Publications

Bayesian Multiple Imputation for Assay Data Subject to Measurement Error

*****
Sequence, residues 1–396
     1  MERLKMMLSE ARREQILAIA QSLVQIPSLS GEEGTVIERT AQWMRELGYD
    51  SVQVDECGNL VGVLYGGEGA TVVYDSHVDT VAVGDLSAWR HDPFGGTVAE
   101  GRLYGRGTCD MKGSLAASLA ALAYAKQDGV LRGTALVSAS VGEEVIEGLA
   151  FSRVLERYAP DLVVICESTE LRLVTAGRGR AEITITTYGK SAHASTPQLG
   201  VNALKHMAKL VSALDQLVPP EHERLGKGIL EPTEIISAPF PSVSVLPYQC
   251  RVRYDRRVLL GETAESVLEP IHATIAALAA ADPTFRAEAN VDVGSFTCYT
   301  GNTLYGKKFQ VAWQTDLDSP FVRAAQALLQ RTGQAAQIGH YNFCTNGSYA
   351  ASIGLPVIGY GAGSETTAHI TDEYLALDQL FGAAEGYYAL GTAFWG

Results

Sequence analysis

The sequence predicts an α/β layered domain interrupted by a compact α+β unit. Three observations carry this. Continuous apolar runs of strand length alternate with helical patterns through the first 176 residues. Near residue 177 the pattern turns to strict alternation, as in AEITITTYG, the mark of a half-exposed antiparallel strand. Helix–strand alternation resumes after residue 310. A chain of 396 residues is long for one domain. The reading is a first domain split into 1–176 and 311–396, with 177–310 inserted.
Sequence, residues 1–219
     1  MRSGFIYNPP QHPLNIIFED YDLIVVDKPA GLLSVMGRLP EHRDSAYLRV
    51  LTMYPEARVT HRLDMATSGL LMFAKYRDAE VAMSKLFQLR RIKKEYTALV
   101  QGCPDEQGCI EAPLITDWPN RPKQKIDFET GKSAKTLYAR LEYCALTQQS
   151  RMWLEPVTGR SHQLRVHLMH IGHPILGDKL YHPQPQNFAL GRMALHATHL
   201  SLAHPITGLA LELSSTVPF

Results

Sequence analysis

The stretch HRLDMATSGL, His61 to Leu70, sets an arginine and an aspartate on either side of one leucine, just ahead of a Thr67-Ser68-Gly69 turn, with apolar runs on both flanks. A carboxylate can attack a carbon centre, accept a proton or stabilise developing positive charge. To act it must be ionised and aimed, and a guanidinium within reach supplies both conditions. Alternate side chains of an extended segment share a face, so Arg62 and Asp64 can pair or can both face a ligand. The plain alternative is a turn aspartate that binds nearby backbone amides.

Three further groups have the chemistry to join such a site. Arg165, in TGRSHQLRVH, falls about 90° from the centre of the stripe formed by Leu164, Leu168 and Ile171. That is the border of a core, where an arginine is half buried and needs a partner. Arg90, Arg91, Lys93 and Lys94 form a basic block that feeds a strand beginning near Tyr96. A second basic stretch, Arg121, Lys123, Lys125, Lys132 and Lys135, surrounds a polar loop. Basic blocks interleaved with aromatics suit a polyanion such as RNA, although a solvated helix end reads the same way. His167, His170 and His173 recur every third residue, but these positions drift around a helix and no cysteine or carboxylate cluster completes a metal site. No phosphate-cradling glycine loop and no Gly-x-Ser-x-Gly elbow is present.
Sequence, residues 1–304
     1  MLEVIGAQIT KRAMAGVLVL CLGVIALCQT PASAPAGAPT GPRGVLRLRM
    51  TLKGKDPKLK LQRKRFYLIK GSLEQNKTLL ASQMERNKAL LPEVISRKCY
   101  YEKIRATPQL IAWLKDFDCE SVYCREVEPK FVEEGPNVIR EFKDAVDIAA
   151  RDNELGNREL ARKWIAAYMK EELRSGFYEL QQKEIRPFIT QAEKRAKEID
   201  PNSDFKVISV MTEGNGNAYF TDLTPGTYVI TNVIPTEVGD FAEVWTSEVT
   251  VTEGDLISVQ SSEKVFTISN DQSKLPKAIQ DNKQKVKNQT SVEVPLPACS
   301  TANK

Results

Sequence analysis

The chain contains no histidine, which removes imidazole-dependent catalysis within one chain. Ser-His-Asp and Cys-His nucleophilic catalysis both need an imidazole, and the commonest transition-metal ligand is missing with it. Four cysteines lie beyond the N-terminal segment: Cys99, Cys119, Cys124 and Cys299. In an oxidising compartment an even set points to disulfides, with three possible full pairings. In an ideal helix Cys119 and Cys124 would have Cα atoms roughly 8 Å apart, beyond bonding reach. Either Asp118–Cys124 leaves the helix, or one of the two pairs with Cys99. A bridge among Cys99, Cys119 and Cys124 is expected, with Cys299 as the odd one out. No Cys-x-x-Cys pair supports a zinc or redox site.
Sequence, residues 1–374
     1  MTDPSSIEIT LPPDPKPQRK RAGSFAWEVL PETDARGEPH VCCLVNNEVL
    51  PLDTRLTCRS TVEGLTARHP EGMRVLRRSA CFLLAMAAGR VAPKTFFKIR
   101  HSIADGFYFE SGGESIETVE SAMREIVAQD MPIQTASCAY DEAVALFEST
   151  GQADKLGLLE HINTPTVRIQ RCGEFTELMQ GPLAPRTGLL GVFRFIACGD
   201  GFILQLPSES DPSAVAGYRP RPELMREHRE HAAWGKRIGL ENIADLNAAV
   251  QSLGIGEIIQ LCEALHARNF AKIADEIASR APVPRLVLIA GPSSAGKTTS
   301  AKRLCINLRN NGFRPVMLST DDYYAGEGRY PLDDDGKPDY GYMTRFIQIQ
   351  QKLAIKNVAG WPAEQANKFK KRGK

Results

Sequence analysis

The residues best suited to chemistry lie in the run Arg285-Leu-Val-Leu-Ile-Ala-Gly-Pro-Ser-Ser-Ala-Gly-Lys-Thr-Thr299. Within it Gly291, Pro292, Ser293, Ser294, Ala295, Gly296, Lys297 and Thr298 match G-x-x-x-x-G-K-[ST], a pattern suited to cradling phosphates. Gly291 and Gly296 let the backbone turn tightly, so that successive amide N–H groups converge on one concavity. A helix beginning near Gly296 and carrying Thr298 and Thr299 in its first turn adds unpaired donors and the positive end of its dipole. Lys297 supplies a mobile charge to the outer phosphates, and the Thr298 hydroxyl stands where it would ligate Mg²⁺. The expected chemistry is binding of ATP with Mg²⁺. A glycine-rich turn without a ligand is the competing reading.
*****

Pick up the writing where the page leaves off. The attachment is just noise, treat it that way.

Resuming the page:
Existing methods for the analysis of data involving assay data subject to measurement error are deficient. In particular, classical calibration methods have been shown to yield invalid inferences unless the measurement error is small. Regression calibration, a form of conditional mean imputation, has better properties, but is not well suited to adjusting for heteroscedastic measurement error. Bayesian multiple imputation is less common for measurement error problems than for missing data, but we argue that it represents an attractive option for measurement error, providing superior inferences to existing methods and a convenient way of adjusting for measurement error using simple complete-data methods and multiple imputation combining rules. It also provides a convenient approach to limit of quantification issues, another area where current approaches are in our view deficient. We review some recent work that develops multiple imputation methods for assay data, focusing particularly on three key aspects: internal versus external calibration designs, the role of the nondifferential measurement error assumption in these designs, and heteroscedastic measurement error. Future research topics are outlined. Here the AMS Subject Classification http://www.ams.org/msc/; Existing methods for the analysis of data involving assay data subject to measurement error are deficient. In particular, classical calibration methods have been shown to yield invalid inferences unless the measurement error is small. Regression calibration, a form of conditional mean imputation, has better properties, but is not well suited to adjusting for heteroscedastic measurement error. Bayesian multiple imputation is less common for measurement error problems than for missing data, but we argue that it represents an attractive option for measurement error, providing superior inferences to existing methods and a convenient way of adjusting for measurement error using simple complete-data methods and multiple imputation combining rules. It also provides a convenient approach to limit of quantification issues, another area where current approaches are in our view deficient. We review some recent work that develops multiple imputation methods for assay data, focusing particularly on three key aspects: internal versus external calibration designs, the role of the nondifferential measurement error assumption in these designs, and heteroscedastic measurement error. Future research topics are outlined. Here the AMS Subject Classification http://www.ams.org/msc/